Rebecca Zlotowski has also divided her time between directing and writing for others. Having explored the darker side of desire in Yann Gonzalez's You and the Night (2013) and Philippe Grandrieux's Despite the Night (2016), she turned her attention to the safety of nuclear power in pairing Tahar Rahim and Léa Seydoux in Grand Central (2013) and the potential of psychic power in casting Natalie Portman and Lily-Rose Depp as American mediums in 1930s Paris in The Summoning (2016). Another director with a notable writing credit to her name is Pascale Ferran, who joined forces with Michael Dudok de Witt on the beguiling animation, The Red Turtle (2016). Behind the camera, Ferran made a stylish job of adapting DH Lawrence's Lady Chatterley's Lover (2006), with Marina Hands and Jean-Louis Coulloc'h, while she drew delightful performances out of Anais Demoustier and Josh Charles, as a hotel maid and a Silicon Valley engineer, in the modern-day fairytale, Bird People (2014).
No other country in Europe affords its female film-makers more opportunities to realise their potential and Cinema Paradiso invites users to sample features by such emerging talents as Sophie Barthes (Cold Souls, 2009 & Madame Bovary, 2014), Mona Achache (The Hedgehog, 2010), Emmanuelle Bercot (Student Services, 2010 & The Players, 2014), Maïwenn (Polisse, 2011 & My King, 2015), Sylvie Verheyde (Confession of a Child of the Century, 2012 & The Working Girl, 2016), Valérie Lemercier (The Ultimate Accessory, 2013) and Eva Husson (Bang Gang: A Modern Love Story, 2015). But it also has a generous selection of the key works by the 10 most significant femmes auteurs.
It's hard to think of anyone who could rival 90-year-old Agnès Varda for the title of the most important female film-maker in screen history. Born in Brussels, but raised in Sète in Provence, Varda struggled to settle in Paris during her student days and only found her niche in the early 1950s as the official photographer at the Théâtre National Populaire. Despite not having seen many films, she returned to Sète to make her first feature, La Pointe Courte (1954), a realist study of local Philippe Noiret's strained marriage to Parisienne Silvia Monfort that anticipated many of the stylistic traits that would characterise the nouvelle vague. Married to fellow auteur Jacques Demy, Varda was associated with the Left Bank group of film-makers, although Jean-Luc Godard cameo'd in the film-within-the-film in Cléo From 5 to 7 (1961), which confirmed her signature style of 'cinécriture' (or 'cine-writing') in following singer Corinne Marchand around Paris as she awaits the results of some medical tests. Everyday preoccupations are also to the fore in Le Bonheur (1965), a breezily pessimistic investigation of domestic contentment that charts the impact on the marriage of carpenter Jean-Claude Drouot and his dressmaker wife Claire Drouot of his affair with postal worker, Marie-France Boyer.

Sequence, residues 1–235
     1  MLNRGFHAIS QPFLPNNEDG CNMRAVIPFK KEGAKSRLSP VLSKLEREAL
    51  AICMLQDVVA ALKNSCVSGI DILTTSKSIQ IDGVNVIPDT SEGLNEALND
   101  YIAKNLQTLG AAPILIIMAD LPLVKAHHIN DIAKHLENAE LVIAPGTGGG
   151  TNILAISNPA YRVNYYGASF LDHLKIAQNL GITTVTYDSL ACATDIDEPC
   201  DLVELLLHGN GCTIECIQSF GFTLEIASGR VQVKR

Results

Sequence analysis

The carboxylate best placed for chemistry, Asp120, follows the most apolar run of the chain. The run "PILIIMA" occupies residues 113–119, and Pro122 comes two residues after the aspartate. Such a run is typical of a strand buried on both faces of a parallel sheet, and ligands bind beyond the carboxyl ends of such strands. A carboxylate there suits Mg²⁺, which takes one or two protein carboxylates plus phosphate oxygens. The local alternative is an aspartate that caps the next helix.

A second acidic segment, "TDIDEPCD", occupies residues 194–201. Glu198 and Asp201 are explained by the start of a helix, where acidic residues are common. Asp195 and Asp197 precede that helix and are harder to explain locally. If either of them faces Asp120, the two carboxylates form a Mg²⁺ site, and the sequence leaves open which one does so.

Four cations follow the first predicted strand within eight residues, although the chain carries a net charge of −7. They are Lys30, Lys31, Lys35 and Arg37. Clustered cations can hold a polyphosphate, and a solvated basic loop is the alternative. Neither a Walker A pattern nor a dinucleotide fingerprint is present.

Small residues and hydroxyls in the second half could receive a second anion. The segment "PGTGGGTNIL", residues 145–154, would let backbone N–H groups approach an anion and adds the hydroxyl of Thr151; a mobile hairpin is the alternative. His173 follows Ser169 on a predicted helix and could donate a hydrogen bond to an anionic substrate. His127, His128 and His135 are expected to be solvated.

Following a prolonged spell in California, Varda returned to France to assess how feminism was affecting ordinary Frenchwomen in One Sings, the Other Doesn't (1977), which sprawls over a decade to recount the fragmented friendship between a country girl and single mother Thérèse Liotard and younger Parisienne, Valérie Mairesse. But Varda's hardest hitting treatise on the status of women in a male-dominated society was Vagabond (1985), which won the Golden Lion at the Venice Film Festival and earned the César for Best Actress for Sandrine Bonnaire, as a drifter whose cut-short life is pieced together in 47 episodes seen from the perspective of those who barely knew her. Varda was intimately acquainted with the subject of Jacquot de Nantes (1991), which juxtaposed Jacques Demy's childhood obsession with cinema with his untimely AIDS-related death at the age of 59. The concept of mortality has long one of Varda's key themes and it has underpinned the magnificent documentary triptych comprised of The Gleaners and I (2000), The Beaches of Agnes (2008) and Faces Places (2017), which saw Varda become the oldest person to be nominated for a competitive Oscar.
Born in Paris, but raised in West Africa, Claire Denis has revisited the colonial experience in three of her most memorable films. In her feature bow, Chocolat (1988), she explored the friendship between governor's daughter Cécile Ducasse and Cameroonian house servant Isaach de Bankolé, who returned to play a rebel leader laying low in Isabelle Huppert's coffee plantation in White Material (2009). In between these contrasting studies, Denis reworked Herman Melville's novel Billy Budd (and the Benjamin Britten opera it inspired) as Good Work (1999), which centres on the fractious relationship between officer Denis Lavant and new recruit Grégoire Colin at a Foreign Legion base in Djibouti.